Once we had the train and the other arrangements set up, we carefully selected and prepared families for the ride. Guilford and Mecklenburg Counties chose about five of the families; the rest came through Another Choice. Families we chose had expressed an interest in adopting older children or sibling groups and seemed most likely to follow through.
To prepare families for the train ride, we called to explain the responsibilities and expectations for interacting with the children. Every family also received a flyer that listed DOs and DONTs for the train ride and adoption party. The first DO was "have fun" and most other DOs followed that theme. Most of the DONT list involved protecting the children and setting privacy boundaries"Dont ask the children if they want to be adopted." "Dont ask children for their last names." "Dont promise that youll adopt a child."
The morning of Saturday, April 6th dawned cool and bright. By 6:30 a.m., 16 families and 10 children had arrived at the Charlotte train station to start the days journey. Amtrak representatives greeted them cordially and laid out the red carpet. As "Love Train" played softly in the background, the children and families quietly boarded the train. Then, before we left the station, one parent led us in prayer. His words were so uplifting that we were almost ready for a revival.
During the first leg of the train ride, everyone sang gospel songs and hymns. Then one of the social workers entertained us with storytelling until we reached the next stop. In Greensboro, after Another Choices board president, another 8 families, and 15 more children joined us in our private car, the party began in earnest.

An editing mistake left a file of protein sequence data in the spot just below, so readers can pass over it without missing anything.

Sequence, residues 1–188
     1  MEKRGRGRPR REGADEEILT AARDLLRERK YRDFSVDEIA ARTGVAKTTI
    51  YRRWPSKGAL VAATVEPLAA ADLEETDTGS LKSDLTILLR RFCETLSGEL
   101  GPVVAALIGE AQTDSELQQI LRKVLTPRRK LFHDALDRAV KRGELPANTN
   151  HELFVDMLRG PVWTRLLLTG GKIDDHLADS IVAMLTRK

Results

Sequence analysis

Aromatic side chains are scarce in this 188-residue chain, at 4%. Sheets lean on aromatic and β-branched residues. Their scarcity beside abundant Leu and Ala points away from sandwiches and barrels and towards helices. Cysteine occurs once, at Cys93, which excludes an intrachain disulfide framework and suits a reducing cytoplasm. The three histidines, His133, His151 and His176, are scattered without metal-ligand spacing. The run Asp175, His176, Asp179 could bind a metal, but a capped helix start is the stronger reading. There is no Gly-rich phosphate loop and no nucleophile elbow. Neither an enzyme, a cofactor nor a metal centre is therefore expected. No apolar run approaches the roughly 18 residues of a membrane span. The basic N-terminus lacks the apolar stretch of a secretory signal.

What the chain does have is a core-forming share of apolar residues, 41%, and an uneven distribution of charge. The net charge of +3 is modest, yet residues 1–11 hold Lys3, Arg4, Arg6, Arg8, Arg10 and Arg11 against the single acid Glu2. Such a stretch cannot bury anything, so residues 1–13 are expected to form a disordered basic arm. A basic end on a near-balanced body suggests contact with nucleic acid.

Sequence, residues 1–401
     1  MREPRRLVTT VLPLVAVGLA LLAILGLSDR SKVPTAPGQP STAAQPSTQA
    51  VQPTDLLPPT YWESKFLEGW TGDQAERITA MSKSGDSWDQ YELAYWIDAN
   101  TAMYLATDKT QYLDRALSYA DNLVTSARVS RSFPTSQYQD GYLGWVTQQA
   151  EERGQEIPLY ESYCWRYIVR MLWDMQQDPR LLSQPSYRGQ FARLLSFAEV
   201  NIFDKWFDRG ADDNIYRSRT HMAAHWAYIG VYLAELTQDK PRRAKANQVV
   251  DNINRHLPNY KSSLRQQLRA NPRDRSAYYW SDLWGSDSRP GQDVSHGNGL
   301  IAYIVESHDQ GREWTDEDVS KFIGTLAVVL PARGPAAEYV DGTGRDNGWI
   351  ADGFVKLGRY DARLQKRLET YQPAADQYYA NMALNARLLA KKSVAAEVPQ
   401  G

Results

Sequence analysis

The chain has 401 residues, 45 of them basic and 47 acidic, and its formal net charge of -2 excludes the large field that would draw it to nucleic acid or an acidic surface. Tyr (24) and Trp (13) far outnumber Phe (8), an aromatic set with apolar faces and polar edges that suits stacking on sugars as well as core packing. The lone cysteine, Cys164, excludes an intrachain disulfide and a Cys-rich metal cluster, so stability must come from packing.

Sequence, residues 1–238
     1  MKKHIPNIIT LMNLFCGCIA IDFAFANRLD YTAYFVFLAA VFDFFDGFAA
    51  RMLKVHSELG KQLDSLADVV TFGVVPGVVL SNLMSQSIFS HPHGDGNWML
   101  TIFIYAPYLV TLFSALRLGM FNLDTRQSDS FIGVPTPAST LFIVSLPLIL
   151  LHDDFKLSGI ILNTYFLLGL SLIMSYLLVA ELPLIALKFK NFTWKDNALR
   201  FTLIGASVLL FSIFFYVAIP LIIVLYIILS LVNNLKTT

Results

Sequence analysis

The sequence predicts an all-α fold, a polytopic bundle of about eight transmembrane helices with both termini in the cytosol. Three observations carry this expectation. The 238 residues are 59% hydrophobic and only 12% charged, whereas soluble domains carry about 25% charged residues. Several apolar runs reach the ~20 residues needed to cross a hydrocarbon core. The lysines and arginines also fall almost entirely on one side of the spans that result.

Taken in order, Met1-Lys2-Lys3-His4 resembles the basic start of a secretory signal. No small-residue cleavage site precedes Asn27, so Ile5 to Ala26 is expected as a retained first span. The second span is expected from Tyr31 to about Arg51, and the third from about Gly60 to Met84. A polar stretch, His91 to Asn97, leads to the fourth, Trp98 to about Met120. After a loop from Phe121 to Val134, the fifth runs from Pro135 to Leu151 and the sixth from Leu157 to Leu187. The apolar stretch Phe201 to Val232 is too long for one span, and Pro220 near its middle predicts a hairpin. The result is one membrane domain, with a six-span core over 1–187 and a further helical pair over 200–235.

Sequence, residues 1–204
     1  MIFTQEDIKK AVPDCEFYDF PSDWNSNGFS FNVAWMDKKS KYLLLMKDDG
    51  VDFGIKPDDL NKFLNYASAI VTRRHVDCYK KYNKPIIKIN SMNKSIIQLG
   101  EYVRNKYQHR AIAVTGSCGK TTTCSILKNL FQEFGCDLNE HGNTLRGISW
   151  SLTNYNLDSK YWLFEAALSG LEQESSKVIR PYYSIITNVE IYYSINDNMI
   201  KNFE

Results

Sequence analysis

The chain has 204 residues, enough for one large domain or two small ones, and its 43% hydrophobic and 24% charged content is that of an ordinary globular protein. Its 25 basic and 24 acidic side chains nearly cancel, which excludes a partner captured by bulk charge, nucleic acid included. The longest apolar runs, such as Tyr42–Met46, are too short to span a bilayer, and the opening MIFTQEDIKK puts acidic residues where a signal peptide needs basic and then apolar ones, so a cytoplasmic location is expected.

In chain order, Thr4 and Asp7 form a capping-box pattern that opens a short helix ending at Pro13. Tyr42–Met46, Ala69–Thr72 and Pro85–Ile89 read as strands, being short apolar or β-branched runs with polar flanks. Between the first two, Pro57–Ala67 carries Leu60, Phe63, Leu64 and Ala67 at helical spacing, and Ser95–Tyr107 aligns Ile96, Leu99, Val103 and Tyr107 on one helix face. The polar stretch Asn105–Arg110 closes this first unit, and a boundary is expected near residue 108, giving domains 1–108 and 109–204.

Children entertained us with their singing and dancing talents, and even showed the adults how to do the crypt walk. While this was going on, we interviewed the children and adults on film. Some passengers who passed through on the way to the dining car stopped to ask what we were celebrating, so we shared the message that school-aged children and sibling groups need permanent families. As word of our event spread through the train, other passengers simply came by and smiled.
The children understood why they were on the train and many of them connected with families right away. They would move to sit next to a particular family and ask questions about the familys home, and what they liked to do for fun. One boy couldnt wait to tell us that he had already spotted his new mom.
When the train finally stopped in Raleigh, there were cameras everywhere. We craned our necks to see what celebrity was on our train, but as it turned out, every television station in the Raleigh-Durham area was there to cover our story and interview a few families and children. Jamal, one of our 12-year-olds, gave interviews to every station. One reporter asked if he believed he would find a family. "Yes," Jamal replied boldly, "because I just rode the Adoption Love Train."
From the station we hurried to the Youth Advocacy and Involvement Office for the match party. The mayor pro tem and several public agency officials were there to welcome us. The children, however, were much more fascinated by the Another Choice band as they played their rendition of "The Adoption Love Train."
After lunch, the families and children separated. Cary Graham, author and co-founder of "Walking the Talk to Manhood: A Rite of Passage," reminded the families how important it is to be there for children. Then the adoption coordinator for the Division of Social Services awarded MAPP certificates to the 12 Another Choice families. Each family also received a small photolisting booklet with profiles of the children on the trip.